A crystallographic study of human NONO (p54(nrb)): overcoming pathological problems with purification, data collection and noncrystallographic symmetry.Knott, G.J., Panjikar, S., Thorn, A., Fox, A.H., Conte, M.R., Lee, M., Bond, C.S.
(2016) Acta Crystallogr D Struct Biol 72: 761-769
- PubMed: 27303796
- DOI: 10.1107/S2059798316005830
- PubMed Abstract:
Non-POU domain-containing octamer-binding protein (NONO, a.k.a. p54(nrb)) is a central player in nuclear gene regulation with rapidly emerging medical significance. NONO is a member of the highly conserved Drosophila behaviour/human splicing (DBHS) p ...
Non-POU domain-containing octamer-binding protein (NONO, a.k.a. p54(nrb)) is a central player in nuclear gene regulation with rapidly emerging medical significance. NONO is a member of the highly conserved Drosophila behaviour/human splicing (DBHS) protein family, a dynamic family of obligatory dimeric nuclear regulatory mediators. However, work with the NONO homodimer has been limited by rapid irreversible sample aggregation. Here, it is reported that L-proline stabilizes purified NONO homodimers, enabling good-quality solution small-angle X-ray structure determination and crystallization. NONO crystallized in the apparent space group P21 with a unique axis (b) of 408.9 Å and with evidence of twinning, as indicated by the cumulative intensity distribution L statistic, suggesting the possibility of space group P1. Structure solution by molecular replacement shows a superhelical arrangement of six NONO homodimers (or 12 in P1) oriented parallel to the long axis, resulting in extensive noncrystallographic symmetry. Further analysis revealed that the crystal was not twinned, but the collected data suffered from highly overlapping reflections that obscured the L-test. Optimized data collection on a new crystal using higher energy X-rays, a smaller beam width and an increased sample-to-detector distance produced non-overlapping reflections to 2.6 Å resolution. The steps taken to analyse and overcome this series of practical difficulties and to produce a biologically informative structure are discussed.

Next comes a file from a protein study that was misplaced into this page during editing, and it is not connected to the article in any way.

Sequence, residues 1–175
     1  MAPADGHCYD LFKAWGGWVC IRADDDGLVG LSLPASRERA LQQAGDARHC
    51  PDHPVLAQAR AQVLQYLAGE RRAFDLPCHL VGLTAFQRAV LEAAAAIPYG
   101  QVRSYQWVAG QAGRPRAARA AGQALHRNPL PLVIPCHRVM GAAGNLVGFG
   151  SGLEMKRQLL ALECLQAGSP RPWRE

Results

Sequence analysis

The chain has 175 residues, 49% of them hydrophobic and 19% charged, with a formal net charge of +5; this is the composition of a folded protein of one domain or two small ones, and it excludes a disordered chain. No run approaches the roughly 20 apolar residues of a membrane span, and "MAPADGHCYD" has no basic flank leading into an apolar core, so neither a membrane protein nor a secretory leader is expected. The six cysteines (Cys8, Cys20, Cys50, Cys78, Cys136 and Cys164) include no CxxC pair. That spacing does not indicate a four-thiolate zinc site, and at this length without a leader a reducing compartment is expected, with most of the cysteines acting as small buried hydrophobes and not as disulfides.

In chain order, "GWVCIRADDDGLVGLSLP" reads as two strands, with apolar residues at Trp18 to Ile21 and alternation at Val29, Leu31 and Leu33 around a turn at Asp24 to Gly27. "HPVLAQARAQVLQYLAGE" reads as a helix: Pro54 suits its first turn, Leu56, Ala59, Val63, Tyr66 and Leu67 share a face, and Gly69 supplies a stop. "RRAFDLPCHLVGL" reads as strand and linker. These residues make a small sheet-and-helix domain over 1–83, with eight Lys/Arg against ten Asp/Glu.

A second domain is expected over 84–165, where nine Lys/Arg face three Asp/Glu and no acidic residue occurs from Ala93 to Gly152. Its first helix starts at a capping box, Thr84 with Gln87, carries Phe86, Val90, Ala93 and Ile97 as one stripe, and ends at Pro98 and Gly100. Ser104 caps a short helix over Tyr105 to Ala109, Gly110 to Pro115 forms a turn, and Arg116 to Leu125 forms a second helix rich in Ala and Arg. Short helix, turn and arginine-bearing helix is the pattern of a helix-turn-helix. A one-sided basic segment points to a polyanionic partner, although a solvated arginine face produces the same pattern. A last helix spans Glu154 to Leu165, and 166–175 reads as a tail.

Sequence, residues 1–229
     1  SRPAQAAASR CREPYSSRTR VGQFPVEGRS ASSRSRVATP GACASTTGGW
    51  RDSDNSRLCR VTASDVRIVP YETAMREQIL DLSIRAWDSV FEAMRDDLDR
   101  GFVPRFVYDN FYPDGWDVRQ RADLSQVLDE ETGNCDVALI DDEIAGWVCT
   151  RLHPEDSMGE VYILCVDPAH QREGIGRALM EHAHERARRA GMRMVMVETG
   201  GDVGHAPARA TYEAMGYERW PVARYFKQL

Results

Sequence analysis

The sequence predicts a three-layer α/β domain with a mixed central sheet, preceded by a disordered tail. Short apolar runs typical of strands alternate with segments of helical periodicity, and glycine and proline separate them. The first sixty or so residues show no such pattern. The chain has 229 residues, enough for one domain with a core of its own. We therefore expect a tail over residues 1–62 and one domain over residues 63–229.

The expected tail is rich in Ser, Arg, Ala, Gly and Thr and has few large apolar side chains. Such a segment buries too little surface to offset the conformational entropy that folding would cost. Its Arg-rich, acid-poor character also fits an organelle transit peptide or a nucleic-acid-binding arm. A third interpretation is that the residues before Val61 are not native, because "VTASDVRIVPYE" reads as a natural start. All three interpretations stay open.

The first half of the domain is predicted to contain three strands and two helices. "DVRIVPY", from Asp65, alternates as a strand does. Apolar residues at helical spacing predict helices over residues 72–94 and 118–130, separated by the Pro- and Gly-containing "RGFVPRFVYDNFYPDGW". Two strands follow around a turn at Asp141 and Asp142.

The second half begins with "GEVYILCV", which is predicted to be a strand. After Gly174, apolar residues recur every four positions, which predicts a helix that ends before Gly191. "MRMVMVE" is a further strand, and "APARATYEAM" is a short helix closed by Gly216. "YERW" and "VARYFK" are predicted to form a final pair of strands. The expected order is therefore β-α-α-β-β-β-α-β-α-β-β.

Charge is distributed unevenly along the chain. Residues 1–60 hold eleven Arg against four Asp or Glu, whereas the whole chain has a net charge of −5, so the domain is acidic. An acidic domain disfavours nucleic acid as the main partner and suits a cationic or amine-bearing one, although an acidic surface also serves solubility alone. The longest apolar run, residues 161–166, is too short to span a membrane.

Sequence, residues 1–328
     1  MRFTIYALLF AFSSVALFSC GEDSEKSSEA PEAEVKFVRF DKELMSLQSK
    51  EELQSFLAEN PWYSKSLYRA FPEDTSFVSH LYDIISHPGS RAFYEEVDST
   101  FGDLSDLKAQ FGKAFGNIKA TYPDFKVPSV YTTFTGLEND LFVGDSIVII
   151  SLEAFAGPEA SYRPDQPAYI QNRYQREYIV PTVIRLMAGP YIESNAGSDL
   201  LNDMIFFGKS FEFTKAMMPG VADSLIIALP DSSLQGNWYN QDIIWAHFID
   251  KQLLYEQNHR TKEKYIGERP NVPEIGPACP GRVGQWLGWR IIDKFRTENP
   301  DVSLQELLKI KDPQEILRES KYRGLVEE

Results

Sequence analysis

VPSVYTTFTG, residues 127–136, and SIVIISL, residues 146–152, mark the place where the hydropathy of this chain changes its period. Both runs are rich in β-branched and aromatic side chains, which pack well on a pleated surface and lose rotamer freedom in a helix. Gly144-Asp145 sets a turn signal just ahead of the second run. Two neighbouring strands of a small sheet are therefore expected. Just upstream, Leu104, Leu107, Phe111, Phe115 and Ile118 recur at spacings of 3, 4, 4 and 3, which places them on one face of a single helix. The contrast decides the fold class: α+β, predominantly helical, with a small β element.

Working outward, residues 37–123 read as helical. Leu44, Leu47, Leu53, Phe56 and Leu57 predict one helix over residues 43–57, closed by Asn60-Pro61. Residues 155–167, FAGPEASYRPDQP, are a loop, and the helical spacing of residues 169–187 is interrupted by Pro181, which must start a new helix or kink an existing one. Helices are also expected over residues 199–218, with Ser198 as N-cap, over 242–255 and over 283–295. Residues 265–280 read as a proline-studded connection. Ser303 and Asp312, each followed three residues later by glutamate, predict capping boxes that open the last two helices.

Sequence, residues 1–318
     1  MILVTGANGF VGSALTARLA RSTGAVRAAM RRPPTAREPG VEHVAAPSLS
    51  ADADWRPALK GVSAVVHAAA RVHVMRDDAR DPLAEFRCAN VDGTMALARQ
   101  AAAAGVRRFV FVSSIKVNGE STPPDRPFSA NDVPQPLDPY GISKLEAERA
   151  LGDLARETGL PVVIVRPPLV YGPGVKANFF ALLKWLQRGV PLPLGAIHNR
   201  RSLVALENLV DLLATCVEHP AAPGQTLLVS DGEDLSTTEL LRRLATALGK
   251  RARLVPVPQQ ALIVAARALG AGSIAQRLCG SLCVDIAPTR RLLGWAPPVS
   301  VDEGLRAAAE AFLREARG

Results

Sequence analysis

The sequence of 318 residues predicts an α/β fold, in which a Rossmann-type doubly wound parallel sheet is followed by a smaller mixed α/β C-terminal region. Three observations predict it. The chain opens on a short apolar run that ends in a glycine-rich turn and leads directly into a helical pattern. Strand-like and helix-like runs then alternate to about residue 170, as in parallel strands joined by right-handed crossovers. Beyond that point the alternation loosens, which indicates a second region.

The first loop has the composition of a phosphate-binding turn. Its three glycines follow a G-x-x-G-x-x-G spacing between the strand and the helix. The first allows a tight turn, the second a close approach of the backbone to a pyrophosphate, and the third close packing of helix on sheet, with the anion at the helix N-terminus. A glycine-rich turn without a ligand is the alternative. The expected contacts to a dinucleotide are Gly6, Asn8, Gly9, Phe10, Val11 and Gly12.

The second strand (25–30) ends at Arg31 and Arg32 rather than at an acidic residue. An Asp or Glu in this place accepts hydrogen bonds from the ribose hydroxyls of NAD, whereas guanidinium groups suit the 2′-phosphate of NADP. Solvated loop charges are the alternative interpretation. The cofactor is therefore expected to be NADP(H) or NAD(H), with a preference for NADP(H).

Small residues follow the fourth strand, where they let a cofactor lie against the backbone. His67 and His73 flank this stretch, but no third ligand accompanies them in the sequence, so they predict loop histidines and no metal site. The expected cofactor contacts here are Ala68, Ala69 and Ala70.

School of Anatomy, Physiology and Human Biology, The University of Western Australia, Crawley, WA 6009, Australia.,School of Chemistry and Biochemistry, The University of Western Australia, Crawley, WA 6009, Australia.,Department of Biochemistry and Genetics, La Trobe Institute for Molecular Science, La Trobe University, Melbourne, Victoria, Australia.,MRC Laboratory of Molecular Biology, Francis Crick Avenue, Cambridge Biomedical Campus, Cambridge CB2 0QH, England.,Randall Division of Cell and Molecular Biophysics, King's College London, New Hunt's House, Guy's Campus, London SE1 1UL, England.,Australian Synchrotron, Victoria, Australia.